How is this plant distinguished from other Cherries (Prunus spp.)?
This species is similar to the Mexican Plum (Prunus mexicana), but the Mexican Plum has does not produce root suckers like the American Plum (Flora of North America). The Mexican Plum also has a rounded leaf base versus the cuneate leaf base of the American Plum (Weakley, et al 2022) and the fruit of the Mexican Plum is bluish to purple-red (Robinson 1974) as compared to the brighter red of this species. This species is sometimes compared to the Canadian Plum (Prunus nigra), but the Canadian Plum has incurved teeth versus the straight teeth of this species (Arnold Arboretum 1923).
Is this plant invasive?
This plant has not been noted as being invasive in the literature.
Gardening with Desert Peach
This species is hardy in zones 5-9. If your garden is within these zones and you have the right growing conditions (soil, moisture and exposure), you may well be able to grow this plant. However, if planted outside of its range, the hosted species may not recognize the plant or be harmed by ingesting a different species with an unfamiliar chemical composition.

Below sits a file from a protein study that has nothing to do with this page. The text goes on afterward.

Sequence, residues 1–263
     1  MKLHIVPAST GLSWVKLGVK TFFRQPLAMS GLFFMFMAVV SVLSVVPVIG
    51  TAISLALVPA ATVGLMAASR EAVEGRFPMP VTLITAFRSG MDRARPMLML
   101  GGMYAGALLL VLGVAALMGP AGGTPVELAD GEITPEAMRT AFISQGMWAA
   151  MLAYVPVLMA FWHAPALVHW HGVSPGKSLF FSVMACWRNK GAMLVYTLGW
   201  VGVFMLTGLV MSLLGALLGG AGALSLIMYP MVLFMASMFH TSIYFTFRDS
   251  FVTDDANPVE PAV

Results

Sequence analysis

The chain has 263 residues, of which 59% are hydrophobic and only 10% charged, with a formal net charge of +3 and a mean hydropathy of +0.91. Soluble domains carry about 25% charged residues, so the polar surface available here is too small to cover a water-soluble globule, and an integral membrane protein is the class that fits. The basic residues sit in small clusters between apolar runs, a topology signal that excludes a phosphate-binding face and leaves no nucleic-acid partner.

This species grows in full sun and prefers dry well-drained soil in sandy or gravelly soil.
- Davidson, A. 1912. Botanizing in Inyo County. Bulletin of the Southern California Academy of Sciences 11: 15-17.
- Davy, Joseph Burtt. 1898. Notes on the Flora of Honey-Lake Valley. Erythea 6: 1-11.
- Ford, H.C. 1890. The Indigenous Shrubs of Santa Barbara County. Bulletin of the Santa Barbara Society of Natural History 1(2): 29-32.
- Gaden S. Robinson; Phillip R. Ackery; Ian Kitching; George W Beccaloni; Luis M. Hernández (2023). HOSTS (from HOSTS – a Database of the World’s Lepidopteran Hostplants) [Data set resource]. Natural History Museum. Link to Hosts Database Website.
- Guiliani, Derham and Oakley Sheilds. 1998. 1995 migration of Cynthia cardui (L.) (Lep. Nymphalidae) in North America, with special reference to Inyo County, California. Entomologist’s Record and Journal of Variation 110: 275-282.
- Guiliani, Derham and Oakley Sheilds. 1997. Migratory activity in Vanessa cardui (Nymphalidae) during 1992 in western North America, with special reference to eastern California. Journal of The Lepidopterist’s Society 51: 256-263.
- Mason, Silas C. 1913. The Pubescent-fruited Species of Prunus of the Southwestern States. Journal of Agricultural Research 1(2): 147-178.
- Schuh, Randall T. and Michael D. Schwartz. 2004. New genera, New Species, New Synonyms, and New Combinations in North America and Caribbean Phylinae (Heteroptera: Miridae). Novitates 3436: 36 pp.
- Stethr, Frederick W. and Edwin F. Cook. 1968. A Revision of the Genus Malacosoma Hubner in North America (Lepidoptera: Lasiocampidae): Systematics, Biology, Immatures, and Parasites. United States National Museum Bulletin 276.
- Train, Percy, James R. Henrichs, and W. Andrew Archer. 1957. Contributions Toward a Flora of Nevada No. 45, Medicinal Uses of Plants by Indian Tribes of Nevada.